Translation of Issue 54 pages 14-18, Y Tywyddiadur – sychder eithriadol 1887 yng Nghymru a thu hwnt (rhan 3)

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Y Tywyddiadur – The extreme drought of 1887 in Wales and beyond (part 3)

Outlined in Part 1 and Part 2 of this series (Natur Cymru 50 and 52) were the types of Welsh diary data found in Y Tywyddiadur (“The Weather Record”), which forms part of Llên Natur’s website. This time  DUNCAN BROWN and TWM ELIAS present diary and newspaper records which contribute evidence to the discussion regarding the long period of extreme drought and its substantial effect on Europe at the end of the 19th century.

In 1882 there began a remarkable succession of 13 arid years. The year 1887, when Queen Victoria’s jubilee was celebrated, was the driest of the 19th century. Analysis of evidence collected from journals and newspapers of the time shows the development of extreme meteorological drought (when there was no significant rainfall) that year, and the hydrological drought (reflected by the arid nature of the soil and its water table) did not cease for some years to come. This presents us with a picture of an ‘agricultural drought’ which affected crops; a ‘socio-economic drought’ which affected people’s health and work; and an ‘ecological drought’ which affected nature.

Europe
Unusual weather was experienced on the European continent in June 1887. The central provinces of Spain suffered a plague of locusts which destroyed grass and wheat crops, vines and olives, darkening the horizon at times due to their numbers (Cardigan Observer, 11 June 1887).

On 5th June there was a tremendous storm in the Figeac region of northern France where crops were destroyed by large hailstones. When people started ringing the church bells in order to clear the menacing clouds, the steeple was struck by a bolt of lightning which destroyed the church tower and roof, and killed or burnt some of the congregation who were praying there at the time (Aberystwyth Observer 11 June 1887). Three weeks later there was a large storm in the town of Toulouse in southern France, which destroyed a waterspout and led to water sweeping away a public washing house full of washerwomen, killing three in the process.

The effect of the weather on wildlife
According to the Cardigan Observer and General Advertiser, the worst fire ever seen in Wales occurred around Glyndyfrdwy, Llangollen (20th June 1887). An area measuring 4 x 2 miles of mountain was burnt. It was not thought that the combustible nature of the hills was enough reason for the fires, but blame had to be laid somewhere. Suffice to say that blame was directed towards one of the shepherds lighting his pipe in Glyndyfrdwy, rather than the fires that had been lit to celebrate the Jubilee nearby! The damage caused to the stock of rabbits and valuable young grouse on the mountain was substantial. But despite this tale of woe, a good crop of strong grouse was later seen on the moorlands of the nearby estates, according to the Cambrian News (26 August) – and to Sir Watkin’s undoubted delight!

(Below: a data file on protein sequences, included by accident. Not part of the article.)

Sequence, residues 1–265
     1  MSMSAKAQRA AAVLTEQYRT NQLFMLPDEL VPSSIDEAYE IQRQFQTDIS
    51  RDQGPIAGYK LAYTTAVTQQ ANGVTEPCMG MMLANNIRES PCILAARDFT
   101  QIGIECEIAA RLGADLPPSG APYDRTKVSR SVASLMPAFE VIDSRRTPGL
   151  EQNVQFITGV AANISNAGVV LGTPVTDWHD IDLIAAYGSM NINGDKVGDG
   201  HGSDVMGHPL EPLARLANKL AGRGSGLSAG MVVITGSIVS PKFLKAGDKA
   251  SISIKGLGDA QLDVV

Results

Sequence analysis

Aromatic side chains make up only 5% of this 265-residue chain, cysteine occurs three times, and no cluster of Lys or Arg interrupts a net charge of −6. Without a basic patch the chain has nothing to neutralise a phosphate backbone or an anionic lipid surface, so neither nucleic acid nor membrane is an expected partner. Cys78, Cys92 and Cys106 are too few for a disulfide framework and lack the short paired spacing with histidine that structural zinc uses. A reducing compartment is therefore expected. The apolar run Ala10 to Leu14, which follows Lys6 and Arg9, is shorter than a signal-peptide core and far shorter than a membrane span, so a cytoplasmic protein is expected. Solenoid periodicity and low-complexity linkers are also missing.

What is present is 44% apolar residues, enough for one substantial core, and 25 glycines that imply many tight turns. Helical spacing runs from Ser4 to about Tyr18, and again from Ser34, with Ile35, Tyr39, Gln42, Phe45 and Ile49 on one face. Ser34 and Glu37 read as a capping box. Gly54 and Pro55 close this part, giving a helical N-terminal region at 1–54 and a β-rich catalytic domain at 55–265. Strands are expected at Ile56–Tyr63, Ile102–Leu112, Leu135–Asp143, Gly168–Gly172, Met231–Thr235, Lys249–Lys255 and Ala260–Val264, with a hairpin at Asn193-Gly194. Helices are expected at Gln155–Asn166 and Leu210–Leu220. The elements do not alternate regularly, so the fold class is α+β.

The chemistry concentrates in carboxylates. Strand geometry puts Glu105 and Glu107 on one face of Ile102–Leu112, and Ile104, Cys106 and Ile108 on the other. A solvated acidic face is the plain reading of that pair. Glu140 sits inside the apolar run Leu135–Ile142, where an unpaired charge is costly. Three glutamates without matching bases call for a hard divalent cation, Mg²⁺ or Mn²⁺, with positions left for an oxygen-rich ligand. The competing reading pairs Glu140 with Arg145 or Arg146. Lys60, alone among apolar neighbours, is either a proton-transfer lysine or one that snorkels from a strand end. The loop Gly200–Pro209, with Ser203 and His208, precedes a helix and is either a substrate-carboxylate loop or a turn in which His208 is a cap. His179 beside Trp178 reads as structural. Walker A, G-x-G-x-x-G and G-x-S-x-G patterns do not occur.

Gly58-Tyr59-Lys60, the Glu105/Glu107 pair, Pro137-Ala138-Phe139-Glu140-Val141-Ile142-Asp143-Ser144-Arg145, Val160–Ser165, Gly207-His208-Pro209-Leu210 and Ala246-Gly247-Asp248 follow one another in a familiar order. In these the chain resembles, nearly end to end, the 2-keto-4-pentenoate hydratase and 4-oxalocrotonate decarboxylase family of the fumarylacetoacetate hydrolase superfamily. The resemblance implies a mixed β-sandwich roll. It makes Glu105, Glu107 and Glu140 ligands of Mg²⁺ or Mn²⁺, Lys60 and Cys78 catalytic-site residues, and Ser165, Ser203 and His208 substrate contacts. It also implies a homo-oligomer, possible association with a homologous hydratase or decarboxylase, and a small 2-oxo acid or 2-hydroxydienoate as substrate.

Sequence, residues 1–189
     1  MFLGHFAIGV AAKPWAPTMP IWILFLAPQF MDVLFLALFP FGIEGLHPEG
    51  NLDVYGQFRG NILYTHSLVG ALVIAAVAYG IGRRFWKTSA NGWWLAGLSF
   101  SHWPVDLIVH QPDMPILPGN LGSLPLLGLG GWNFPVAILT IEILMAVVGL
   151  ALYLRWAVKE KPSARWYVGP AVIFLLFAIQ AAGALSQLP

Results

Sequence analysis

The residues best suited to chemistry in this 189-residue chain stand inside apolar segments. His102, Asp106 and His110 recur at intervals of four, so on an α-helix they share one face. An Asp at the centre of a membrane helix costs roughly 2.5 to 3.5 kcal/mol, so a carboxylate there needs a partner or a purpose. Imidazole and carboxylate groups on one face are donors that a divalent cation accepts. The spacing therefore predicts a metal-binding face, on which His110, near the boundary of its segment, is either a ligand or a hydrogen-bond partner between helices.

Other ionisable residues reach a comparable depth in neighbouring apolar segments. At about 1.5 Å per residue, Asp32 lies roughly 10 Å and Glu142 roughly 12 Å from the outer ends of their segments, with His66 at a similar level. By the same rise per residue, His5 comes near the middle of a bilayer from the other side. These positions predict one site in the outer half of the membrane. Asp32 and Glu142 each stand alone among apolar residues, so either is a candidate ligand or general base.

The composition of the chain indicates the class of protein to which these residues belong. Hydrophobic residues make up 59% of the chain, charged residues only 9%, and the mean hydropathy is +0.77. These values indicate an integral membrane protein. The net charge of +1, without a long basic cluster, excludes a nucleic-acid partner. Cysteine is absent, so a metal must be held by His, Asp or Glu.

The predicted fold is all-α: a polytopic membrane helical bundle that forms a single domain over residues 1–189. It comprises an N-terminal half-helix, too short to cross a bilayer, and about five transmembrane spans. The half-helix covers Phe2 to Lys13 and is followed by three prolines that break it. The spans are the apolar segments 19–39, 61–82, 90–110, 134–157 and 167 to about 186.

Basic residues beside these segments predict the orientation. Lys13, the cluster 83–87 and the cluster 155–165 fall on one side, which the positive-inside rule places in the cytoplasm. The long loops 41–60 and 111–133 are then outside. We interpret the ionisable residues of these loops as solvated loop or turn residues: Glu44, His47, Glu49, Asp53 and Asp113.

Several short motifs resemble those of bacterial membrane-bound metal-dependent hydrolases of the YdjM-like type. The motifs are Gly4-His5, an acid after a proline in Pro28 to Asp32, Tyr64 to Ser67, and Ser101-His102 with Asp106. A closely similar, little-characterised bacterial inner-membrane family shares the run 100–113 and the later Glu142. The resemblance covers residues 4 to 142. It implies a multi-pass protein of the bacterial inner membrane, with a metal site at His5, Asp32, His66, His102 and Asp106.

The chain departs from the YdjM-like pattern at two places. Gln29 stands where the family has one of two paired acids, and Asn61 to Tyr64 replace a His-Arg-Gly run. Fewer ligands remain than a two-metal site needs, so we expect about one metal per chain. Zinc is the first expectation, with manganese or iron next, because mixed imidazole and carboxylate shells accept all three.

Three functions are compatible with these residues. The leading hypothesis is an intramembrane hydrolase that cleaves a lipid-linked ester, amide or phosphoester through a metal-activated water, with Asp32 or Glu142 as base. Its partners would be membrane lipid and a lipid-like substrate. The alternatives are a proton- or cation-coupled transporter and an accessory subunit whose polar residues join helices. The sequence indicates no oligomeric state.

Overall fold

Mid-August, it was reported that “outstanding bags of partridges reflect a real peak in the partridge population…quite exceptional in Denbigh and Merioneth (Matheson: The Partridge in Wales (in British Birds 67, 1953). That season also saw an exceptional stock of partridge across the Kingdom in general, and the bird had not been seen in such abundance for years in Cheshire, Warwickshire and Yorkshire (Cardigan Observer, 10 September 1887).

“Revellers” were blamed for a terrible fire in the Parish of Penrydd, Pembrokeshire at the beginning of August, and a revenge attack by farmers was blamed for another; “… as parishioners…were not afforded any reduction [in their rent?] during these hard times”.

In Brymbo in July the ponds dried out and the water temperature rose until the bodies of dead trout could be seen floating on the surface. But it was a particularly good period for nightingales, with five or six reports across Wales during 1887-88 of pairs providing evening entertainment for the village residents with their song.

A possible result of the drought was the appearance of a greatly feared small insect, namely the Hessian fly Mayetiola destructor, which was spotted in three locations. Farmers were strongly advised to be vigilant of their crops before it was too late to prevent them (Weekly Mail 23 July 1887). In early August, a plague of mosquitoes attacked the areas of Camberwell and Dulwich in London, seemingly taking advantage of the marshy ground and the heat to thrive. (Aberdare Times 6 August 1887).